I don’t know about you, but over the course of the past year, my relationship with my mobile phone has changed. I must confess that I’ve morphed from being the sort of person who might leave my phone in the car and struggle to find it for a few days, to being someone who invariably checks the headlines on waking first thing in the morning. What is the latest Government announcement? How are the death stats today? Who is arguing for what now?
Speaking to friends, family, and colleagues, I don’t believe that I’m alone in my newfound obsession. But what if all these gripping news stories, and associated ‘clickbait’, are actually distorting our view of the pandemic? And what if – in the process of presenting us with ‘news’ – media outlets are somehow contributing to our ill health?
It might not be terribly compelling for the media to announce: ‘We have vaccinated many, including the most vulnerable; hospital admissions and deaths are coming down; there is no need to check the news tomorrow.’ No. Rather, the narrative will shift: ‘Dangerous new variant emerged in Bristol’, ‘evidence of virus spreading quickest in schoolchildren’, ‘possibility that we’ll have to restrict international travel for years’. After all, dramatic headlines lead to ‘clicks’ and ‘shares’.
One concern is that it becomes increasingly difficult for scientists to take a pragmatic and moderate line when the extreme views garner far more public attention. Sensible voices are drowned out, which must surely be to the public’s detriment. For example, having been warned relentlessly of the dangers of Long Covid, how many parents will hesitate to send their children back to school?
Besides the issues which result from believing extreme views (influencing the public’s anxiety and future willingness to partake in activities crucial to health), there are the isolated harms of increased screen time. We have, as a society, embraced our devices as a means to communicate, work, or study. But, have we fully understood the health implications? This year, my sleep has felt less refreshing, my exercise levels have reduced, and my concentration has deteriorated. There is too much news to absorb, too much that’s compelling on this little screen. And it’s undoubtedly affecting my health.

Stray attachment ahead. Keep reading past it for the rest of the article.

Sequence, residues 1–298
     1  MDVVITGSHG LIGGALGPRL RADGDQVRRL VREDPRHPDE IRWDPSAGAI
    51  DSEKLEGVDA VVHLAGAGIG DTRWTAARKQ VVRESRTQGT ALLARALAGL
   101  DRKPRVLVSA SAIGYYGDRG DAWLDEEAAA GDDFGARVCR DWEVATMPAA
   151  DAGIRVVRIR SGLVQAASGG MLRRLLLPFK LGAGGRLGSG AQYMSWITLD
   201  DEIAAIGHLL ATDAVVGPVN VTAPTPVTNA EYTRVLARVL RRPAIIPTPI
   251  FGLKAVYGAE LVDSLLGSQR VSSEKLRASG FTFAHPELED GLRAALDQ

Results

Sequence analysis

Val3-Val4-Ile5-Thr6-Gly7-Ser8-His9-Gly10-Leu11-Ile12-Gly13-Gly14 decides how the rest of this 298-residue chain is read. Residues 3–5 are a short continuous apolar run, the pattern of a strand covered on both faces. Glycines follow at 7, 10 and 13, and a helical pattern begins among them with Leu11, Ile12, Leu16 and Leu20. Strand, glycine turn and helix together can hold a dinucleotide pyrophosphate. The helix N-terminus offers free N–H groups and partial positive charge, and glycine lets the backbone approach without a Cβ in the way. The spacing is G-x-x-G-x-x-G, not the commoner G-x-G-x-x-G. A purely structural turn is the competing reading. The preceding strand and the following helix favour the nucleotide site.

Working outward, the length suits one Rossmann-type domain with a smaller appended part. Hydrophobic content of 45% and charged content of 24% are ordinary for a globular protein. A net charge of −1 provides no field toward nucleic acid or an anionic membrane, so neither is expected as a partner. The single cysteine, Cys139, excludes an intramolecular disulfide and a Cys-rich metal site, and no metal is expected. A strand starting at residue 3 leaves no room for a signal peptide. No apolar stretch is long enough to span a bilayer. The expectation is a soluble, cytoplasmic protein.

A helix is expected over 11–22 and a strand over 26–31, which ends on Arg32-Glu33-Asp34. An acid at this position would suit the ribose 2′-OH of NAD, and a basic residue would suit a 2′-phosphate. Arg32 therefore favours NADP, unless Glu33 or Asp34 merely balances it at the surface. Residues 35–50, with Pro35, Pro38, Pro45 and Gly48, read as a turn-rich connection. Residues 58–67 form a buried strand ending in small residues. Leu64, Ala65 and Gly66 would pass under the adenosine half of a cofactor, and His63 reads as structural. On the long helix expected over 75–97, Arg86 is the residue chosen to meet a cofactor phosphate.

More than any other group, however, I worry about the impact of excessive screen time on children. As a parent, I don’t believe that it’s possible to put a young person behind a screen for several months, and expect them to emerge unscathed. We must expect that lockdown measures and school closures will have caused the youngest in society significant, lasting harms, affecting their physical, social, educational, and emotional wellbeing.
Prior to the pandemic, I already had misgivings about the impact of screens on developing children. At the risk of sounding judgemental, too many parents seem to use devices as a digital babysitter, a mute button for their children.
I wonder – if given the early experiences of young people today – whether the genius of Einstein would have emerged? Or the inventiveness of Da Vinci? If as a society, we hope to produce obedient lemmings, who are fearful of what is outside their front door, right now, we are certainly doing all the right things. If we want to promote originality, innovation, confidence, and brilliance; I fear we are not.
It’s becoming essential that we take steps to prevent ourselves (particularly children) from becoming enslaved to new technologies. The cognitive development of the young is fundamental to their lifelong health and achievements – their brains and bodies must be allowed to flourish.
Indeed, I find myself wondering if one of the most significant threats to our future health may not come from infectious diseases, antibiotic resistance, obesity, or shortages in healthcare provision. Could there be a more insidious threat, lurking in all our homes, which will affect the next generation’s physical and mental wellbeing for the rest of their lives? Having been ‘muted’ by their devices, inexperienced in social skills, fearful of the outside world, unable to take risks, lacking in creativity, incapable of physical exertion, what will remain of the human condition? What of health?
Perhaps this all sounds a little dystopian to you, a little too ‘Brave New World’? But, I do wonder, might this modern day ‘soma’ be poisoning us all?
Dr Katie Musgrave is a newly-qualified GP in Plymouth and quality improvement fellow for the South West